Qataris are right — Western values are not universal values
The last World Cup hosts to treat homosexual relations as a crime were arguably even more controversial than Qatar. A repressive society where gay men were often driven to suicide by official persecution, where divorce and abortion were hard to access and strict decency rules governed what could be shown even on stage, this theocratic monarchy had a long history of colonialism and slavery, not to mention religious intolerance.
Still, we won, and that’s what matters.
The swinging London of 1966, of Bobby and Nobby, Revolver and Carnaby Street, was a different world, the early stages of a great cultural revolution sweeping across the west. Before this revolution — or transition — England was in some ways among the least tolerant of countries, one of just four World Cup host nations in which sexual relations between men were criminal offences, the others being Chile (1962), Uruguay (1930 – although it decriminalised only four years later) and, of course, Qatar.
France, the hosts in 1938, was quite conservative and 1934 host Italy was fascist, but homosexual acts had been legal in both Latin countries for a long time; in France since the Revolution and Italy from 1890. Although Mussolini’s regime persecuted gay men in various ways, it didn’t actually make homosexual acts illegal, as they had long been in Britain and Germany. Similarly, Argentina’s horrific junta of the late 1970s, while murdering over a dozen gay activists, didn’t outlaw relations.
In part this is the difference between Catholic and Protestant cultures. The former might disapprove of certain lifestyles, but the latter tends to be much more evangelical about it; if something is wrong, it must be illegal. It’s not enough that our house is in moral order, we must wipe sin out everywhere. It’s that almost literal-minded attachment to moral absolutes which makes the depredations of Protestant cultures gone wrong so much more extreme. (Chile was something of an anomaly, only legalising same-sex relations in 1999.)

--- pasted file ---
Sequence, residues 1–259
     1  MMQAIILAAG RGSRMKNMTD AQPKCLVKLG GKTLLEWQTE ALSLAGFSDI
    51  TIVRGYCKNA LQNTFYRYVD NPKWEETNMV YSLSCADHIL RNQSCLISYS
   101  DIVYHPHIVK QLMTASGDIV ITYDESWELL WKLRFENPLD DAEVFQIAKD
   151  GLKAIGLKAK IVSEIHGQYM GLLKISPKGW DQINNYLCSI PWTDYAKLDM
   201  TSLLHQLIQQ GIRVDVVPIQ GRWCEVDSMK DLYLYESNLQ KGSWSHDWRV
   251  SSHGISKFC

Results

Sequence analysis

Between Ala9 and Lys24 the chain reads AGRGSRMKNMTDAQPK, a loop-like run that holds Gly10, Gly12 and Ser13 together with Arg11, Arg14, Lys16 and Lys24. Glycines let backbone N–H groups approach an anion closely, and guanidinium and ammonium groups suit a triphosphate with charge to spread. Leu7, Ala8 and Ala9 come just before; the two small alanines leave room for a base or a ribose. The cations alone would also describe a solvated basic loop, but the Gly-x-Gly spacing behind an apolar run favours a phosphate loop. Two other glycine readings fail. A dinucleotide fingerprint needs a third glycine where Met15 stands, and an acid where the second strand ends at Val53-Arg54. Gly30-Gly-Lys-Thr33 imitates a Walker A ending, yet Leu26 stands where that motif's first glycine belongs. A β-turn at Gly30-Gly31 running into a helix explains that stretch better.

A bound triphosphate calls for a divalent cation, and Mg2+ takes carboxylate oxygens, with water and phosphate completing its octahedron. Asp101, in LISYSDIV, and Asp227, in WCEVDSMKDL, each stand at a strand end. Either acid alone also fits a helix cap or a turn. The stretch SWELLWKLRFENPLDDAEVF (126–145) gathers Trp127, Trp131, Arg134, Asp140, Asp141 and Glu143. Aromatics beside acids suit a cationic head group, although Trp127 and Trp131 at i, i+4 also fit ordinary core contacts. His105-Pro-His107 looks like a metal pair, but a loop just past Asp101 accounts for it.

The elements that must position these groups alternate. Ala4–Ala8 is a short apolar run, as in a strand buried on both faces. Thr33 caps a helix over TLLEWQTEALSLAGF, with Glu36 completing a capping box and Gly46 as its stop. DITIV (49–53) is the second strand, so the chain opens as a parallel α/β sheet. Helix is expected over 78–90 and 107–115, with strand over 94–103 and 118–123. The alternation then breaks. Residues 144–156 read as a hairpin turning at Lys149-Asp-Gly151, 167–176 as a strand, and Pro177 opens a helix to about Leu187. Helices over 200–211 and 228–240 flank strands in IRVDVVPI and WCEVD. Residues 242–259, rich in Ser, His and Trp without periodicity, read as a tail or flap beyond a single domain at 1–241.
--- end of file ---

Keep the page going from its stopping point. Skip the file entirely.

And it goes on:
Today, post-Protestant countries are similarly far more evangelical about homosexuality as a right, just as they are about progressive values more generally. It is why six of the seven countries that were planning to wear OneLove armbands to protest gay rights in Qatar are historically Protestant — England, Wales, Germany, Switzerland, Denmark and the Netherlands, Belgium being the exception. It is why the BBC has focussed so much on the issue, and why one of its pundits actually wore the armband.
Lord Reith, founder of the BBC, was famously the son of a Presbyterian minister, and those high-minded values that came to be called ‘Reithian’ were obviously Protestant in tone, with its duty to inform and improve, and to speak peace unto nation. The Beeb has always had a somewhat missionary fervour, reflected in its Charter and Mission of values, and it’s the issue of values which has placed the broadcaster under such enormous strain as Britain’s diverge.